Without knowing why anything other
Than dreams would have such a language
Attached to it.  We resolve to make dust of it.

Still, I will stop to listen to a few more birds
Caught here in this universe where strings
Twist and interlace, seemingly without purpose.
I will consider all enigmas, all wandering spirits,
Without purpose except to put us on the very edge
Of some mythology that prompts us to speak
In hells such as this, looking for an intricate
Fire, left to be used by nightingales.

This will be an exultation of memory,
The fault of words not used previously
By the dark, never heard by Keats, a liquid
Song, straining to be heard, then a breeze,
Then, strain as we may, nothing.



The rider locked on the carousel.
The inability to show motion
While the whole of the day
Remains overcast and gray.

Night not so much coming
As it is attached to the moments
With an adhesive tape
Not found in the imagination at all.

The voices come together like parentheses
Gathered into a bag along with peppers,
Cauliflower, containers of tofu,
Cat food and paper products
Separated from each other
In yet smaller bags, chapters
Of a novel, the folds are screens
Set up to divide a room
Or perform a service that proclaims
The imagination while showing us
Images of the old Battersea Bridge,
Architectural drawings, collections
Of West Indian bird skins and hundreds
Of picture postcards decoupaged
To pretend a language of exploration.

We find ourselves opening and closing
Our mouths, obstructing what
Might be seen clearly
As a collection of jars and wheelbarrows,
West-running brooks and songs
Of the self.  Changes of melody
Attaching themselves to any object
They may choose, hoping the song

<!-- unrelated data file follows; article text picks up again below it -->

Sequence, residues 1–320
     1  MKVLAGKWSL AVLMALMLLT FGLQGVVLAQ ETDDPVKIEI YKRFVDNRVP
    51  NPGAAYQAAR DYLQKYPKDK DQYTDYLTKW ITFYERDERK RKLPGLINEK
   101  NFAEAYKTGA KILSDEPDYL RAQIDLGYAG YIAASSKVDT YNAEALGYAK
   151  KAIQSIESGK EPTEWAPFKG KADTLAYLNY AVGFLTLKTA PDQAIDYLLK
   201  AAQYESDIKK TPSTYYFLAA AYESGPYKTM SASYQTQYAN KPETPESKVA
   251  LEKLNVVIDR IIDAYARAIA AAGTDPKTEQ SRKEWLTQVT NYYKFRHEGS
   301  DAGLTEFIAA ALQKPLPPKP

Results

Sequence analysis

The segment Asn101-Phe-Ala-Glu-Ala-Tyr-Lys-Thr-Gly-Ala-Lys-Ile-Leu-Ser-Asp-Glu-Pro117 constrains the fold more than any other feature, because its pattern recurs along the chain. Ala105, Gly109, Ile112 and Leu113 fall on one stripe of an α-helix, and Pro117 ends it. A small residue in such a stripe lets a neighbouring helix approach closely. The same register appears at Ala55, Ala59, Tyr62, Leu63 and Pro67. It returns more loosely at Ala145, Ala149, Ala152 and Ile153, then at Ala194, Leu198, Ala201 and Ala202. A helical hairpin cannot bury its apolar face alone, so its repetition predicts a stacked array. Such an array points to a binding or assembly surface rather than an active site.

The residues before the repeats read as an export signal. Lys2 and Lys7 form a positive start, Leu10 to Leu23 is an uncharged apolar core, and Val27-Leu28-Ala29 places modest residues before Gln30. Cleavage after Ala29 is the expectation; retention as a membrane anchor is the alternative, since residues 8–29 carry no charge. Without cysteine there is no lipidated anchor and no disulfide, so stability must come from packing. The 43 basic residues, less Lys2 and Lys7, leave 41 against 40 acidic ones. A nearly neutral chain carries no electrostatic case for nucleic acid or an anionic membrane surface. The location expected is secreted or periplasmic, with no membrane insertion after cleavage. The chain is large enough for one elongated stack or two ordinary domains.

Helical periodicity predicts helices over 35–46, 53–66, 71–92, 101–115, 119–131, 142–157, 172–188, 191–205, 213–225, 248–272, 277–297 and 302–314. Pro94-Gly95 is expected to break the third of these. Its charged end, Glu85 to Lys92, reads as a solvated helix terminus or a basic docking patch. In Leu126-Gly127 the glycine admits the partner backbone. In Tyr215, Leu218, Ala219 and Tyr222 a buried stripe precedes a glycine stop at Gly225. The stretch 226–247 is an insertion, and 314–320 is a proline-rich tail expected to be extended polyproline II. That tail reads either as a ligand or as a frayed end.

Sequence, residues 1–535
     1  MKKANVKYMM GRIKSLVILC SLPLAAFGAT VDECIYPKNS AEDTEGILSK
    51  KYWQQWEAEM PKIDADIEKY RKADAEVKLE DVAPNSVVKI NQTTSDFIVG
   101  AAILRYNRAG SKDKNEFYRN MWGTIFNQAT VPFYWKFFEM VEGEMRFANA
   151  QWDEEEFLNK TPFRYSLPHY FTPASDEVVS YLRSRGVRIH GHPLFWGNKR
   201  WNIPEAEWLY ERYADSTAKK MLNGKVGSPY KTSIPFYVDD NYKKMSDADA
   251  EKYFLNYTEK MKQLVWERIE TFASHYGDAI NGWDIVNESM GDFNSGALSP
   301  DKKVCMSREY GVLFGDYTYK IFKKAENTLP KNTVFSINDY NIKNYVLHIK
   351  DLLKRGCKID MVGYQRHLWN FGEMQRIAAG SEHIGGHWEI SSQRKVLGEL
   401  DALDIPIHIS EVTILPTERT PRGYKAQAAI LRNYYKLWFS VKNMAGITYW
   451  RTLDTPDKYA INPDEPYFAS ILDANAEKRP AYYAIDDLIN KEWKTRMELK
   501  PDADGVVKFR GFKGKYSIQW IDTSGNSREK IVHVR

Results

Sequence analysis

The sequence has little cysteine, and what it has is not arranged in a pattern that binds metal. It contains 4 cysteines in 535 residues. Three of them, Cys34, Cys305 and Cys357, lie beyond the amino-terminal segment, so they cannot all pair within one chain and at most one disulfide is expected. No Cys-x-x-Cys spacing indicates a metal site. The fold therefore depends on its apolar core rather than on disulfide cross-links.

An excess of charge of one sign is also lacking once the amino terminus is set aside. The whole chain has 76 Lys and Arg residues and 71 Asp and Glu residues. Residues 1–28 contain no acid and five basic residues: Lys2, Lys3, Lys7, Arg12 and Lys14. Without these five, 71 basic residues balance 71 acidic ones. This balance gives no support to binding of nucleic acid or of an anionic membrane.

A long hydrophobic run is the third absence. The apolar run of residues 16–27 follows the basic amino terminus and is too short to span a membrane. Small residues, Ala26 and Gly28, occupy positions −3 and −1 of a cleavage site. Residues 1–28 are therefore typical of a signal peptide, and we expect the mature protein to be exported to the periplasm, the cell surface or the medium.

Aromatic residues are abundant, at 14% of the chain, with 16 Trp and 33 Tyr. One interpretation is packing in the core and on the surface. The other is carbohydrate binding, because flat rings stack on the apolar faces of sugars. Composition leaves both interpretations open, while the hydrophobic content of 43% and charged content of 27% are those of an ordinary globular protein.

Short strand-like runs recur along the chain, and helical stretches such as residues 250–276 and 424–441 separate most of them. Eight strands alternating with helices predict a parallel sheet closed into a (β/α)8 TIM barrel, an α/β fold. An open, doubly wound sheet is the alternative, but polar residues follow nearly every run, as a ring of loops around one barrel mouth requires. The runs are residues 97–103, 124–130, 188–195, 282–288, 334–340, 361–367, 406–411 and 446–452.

Will still be understood
After the parties have fled the room.

 D.R. Wagner and John Dorsey
July, 2016


A murmur of birds.
They are taking down the stars one by one.
Like coins they tumble into the lake, forgotten,
Unforgotten.  Unburdening themselves
From an incalculable mythology.

Erasing symbols, nurturing and needless
As sirens are to nightingales,
As drunk is to the moon.

I wait by the water.  Little by little
I begin to no longer recognize myself,
Except as tigers and tigers and tigers
Searching the streets where forever has been lost
Irreparably.  Things become transparent.
People slip away or escape
Deep into the waters of the bay.

They have forgotten their form.
They have forgotten what sparse language they owned.
They have forgotten the weight of consciousness,
The unrelenting memory, the petite charm of the garden,
The mirrored pool below the fountain,
So secret and necessary.

The flowers, silent now.  The stars beneath the water,
Wavering, now vermilion, now yellow.
I recall the vague dreams of children,
Sights along the road.

I decide this must be a journey.
I dive into the water to be with the stars.
I will wash this dust from me
And begin another universe.


Our thanks to D.R. Wagner for today’s fine work, despite his illness. He writes: "I have been in the ER twice this week and will undergo surgery on Tuesday with a rather long recovery (6-7 weeks). They have to rebuild my urethra. I'll be at UC Davis Med Center in Sacramento. This last week has been mostly extreme pain and lots of blood. I am sending you work from A Punctuated Equilibrium that was published earlier this year online in Canada. Some of these appeared in the Kitchen. This will have to do, as I have not been well enough to write much… I should be back within a month or so." We'll be thinking about you, D.R.!


Today’s LittleNip:

I hung the moon on various
branches of the pine




(a little urethra humor for D.R.)

Celebrate poetry today by heading over to the 
Three Penny Emporium in Sac., 7:30pm, for 
the theatrical release of Gene Avery’s Death by Deer Rifle
or by driving down to Pacifica to help Katy Brown 
and Sandy Thomas read and celebrate Katy’s birthday at 
Florey’s Book Co., 7:30pm. Scroll down to the blue box 
(under the green box at the right) for info about these and other 
 upcoming readings in our area—and note that other events
 may be added at the last minute.

Photos in this column can be enlarged by clicking on them once,
then click on the X in the top right corner to come back
to Medusa.